When vehicles started coming off the showroom floor with fuel injection, we started to see more sensors and switches than ever before. It started to get more complicated, because electronic fuel injection requires a dedicated temperature sender for the computer, separate from the sender used for the gauge.
And then there was another sender that was used for the electric cooling fans, and these three temperature senders are typically not shared across components, as they are used for different purposes. Eventually, the fans could be triggered by the EFI computer, and the gauges could be fed by the computer, which stored all data thanks to onboard diagnostics (OBD).
For classic cars, to operate a gauge the sender is a variable resistor that slowly allows more current to travel to the gauge as the engine gets warmer. If you take the wire off of this sender and ground it, you’re essentially sending the full current to your gauge and it should peg at the highest temperature reading on the gauge itself.
The EFI computer uses a similar sender, which the computer interprets by the resistance in the sender. A cold engine will give a static temperature of about room temperature, and as the engine idles/runs, the resistance decreases and sends that info to the computer, much like it does for a temperature gauge.
Since this is a two-wire sender direct from the manufacturer, the thread sealer is acceptable and won’t interfere with sender operation. A single-wire sender must be installed without thread sealer or tape because it relies on the ground connection with the intake manifold.
A cooling fan, however, requires a different type of temperature sender, much like the one in our Fan Relay Kits. That sender contains a switch, rather than a variable resistor, and is either on or off. A cold engine will provide an open circuit, and no current can flow from the sender to the fan relay. Once the temperature rises to a set level, in this case about 185 degrees, the switch closes. This completes the ground circuit and if everything is wired correctly the fan relay clicks closed, and the fans come on. You would get the same result by grounding the wire from the relay directly; it completes the circuit.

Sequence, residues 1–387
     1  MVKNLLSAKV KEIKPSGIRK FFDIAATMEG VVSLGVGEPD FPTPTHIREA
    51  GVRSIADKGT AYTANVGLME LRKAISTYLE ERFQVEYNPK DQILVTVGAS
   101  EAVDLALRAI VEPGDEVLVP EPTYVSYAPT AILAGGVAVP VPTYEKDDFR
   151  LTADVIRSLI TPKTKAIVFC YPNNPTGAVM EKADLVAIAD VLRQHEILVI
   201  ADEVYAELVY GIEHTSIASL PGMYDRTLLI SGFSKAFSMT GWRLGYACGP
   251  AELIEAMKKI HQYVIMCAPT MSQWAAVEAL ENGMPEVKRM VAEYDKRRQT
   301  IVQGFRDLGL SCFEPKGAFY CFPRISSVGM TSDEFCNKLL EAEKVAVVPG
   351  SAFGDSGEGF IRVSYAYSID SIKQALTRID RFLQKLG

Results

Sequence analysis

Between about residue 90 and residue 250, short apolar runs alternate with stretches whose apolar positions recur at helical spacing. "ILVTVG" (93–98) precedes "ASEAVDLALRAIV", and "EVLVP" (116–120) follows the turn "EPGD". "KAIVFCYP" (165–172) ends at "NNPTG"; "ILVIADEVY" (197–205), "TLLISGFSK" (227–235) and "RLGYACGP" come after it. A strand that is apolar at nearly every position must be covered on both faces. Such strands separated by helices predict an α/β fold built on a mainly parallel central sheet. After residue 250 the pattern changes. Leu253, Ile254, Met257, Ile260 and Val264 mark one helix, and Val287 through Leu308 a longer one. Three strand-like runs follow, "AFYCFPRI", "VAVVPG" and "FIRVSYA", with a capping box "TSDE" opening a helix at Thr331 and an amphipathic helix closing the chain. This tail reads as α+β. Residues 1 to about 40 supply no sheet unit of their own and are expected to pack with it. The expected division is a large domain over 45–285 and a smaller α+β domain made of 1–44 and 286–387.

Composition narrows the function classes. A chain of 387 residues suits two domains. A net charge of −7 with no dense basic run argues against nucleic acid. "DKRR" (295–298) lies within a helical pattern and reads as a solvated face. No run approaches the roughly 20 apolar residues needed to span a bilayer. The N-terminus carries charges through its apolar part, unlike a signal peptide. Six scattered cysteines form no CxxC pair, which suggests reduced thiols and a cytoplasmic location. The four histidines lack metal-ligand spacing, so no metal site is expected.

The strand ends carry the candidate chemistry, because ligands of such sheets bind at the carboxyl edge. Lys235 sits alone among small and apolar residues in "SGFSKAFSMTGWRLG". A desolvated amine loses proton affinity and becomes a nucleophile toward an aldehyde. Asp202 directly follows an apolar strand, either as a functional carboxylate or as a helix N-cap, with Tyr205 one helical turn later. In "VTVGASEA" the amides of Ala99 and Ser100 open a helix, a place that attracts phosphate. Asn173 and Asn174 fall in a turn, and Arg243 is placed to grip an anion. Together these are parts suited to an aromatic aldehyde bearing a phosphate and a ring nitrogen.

Because the fan relay sender is just a switch, it doesn’t detect variables in temperature like a typical gauge sender does. If you’re coolant temperature is 125 degrees, it’s the same as 0 to the sender, and it’s switched off. If your coolant temperature is 210 degrees, it’s the same as seeing 185 degrees, and it’s switched on. This sender detects 185 degrees and turns on, and when the temperature drops to about 175 degrees, it turns off; about a 10 degree window is the difference between on and off.
For that reason, the relay sender cannot be shared or used for the temperature gauge inside the car. We had a customer call us and after months of everything working just fine, all of a sudden he had problems with his cooling system. After some conversation, we found out that the only thing that changed was that he added a temperature gauge under the dash. He wanted to keep the factory gauge, which only read C to H, but wanted an additional gauge that would tell him what the actual temperature is. However, he didn’t have an extra port in the intake manifold for the new sender, so he used the fan relay sender and attached his new wire there. This caused a couple of problems, and some false readings.
Our cooling fan sender is an on/off switch. By connecting the gauge wire, which requires a variable ohms sender, the signal is stolen from the relay. This results in the fans not turning on at all.
If he had kept driving around town, his temperature likely would have reached over 220, and his fans would probably never turn on because the gauge was stealing that signal. Shutting off where he did, he likely was only about 185 degrees – the point where the sender switches on – and not the higher temperature seen on the gauge. He also noted his factory gauge wasn’t over in the “H” zone yet.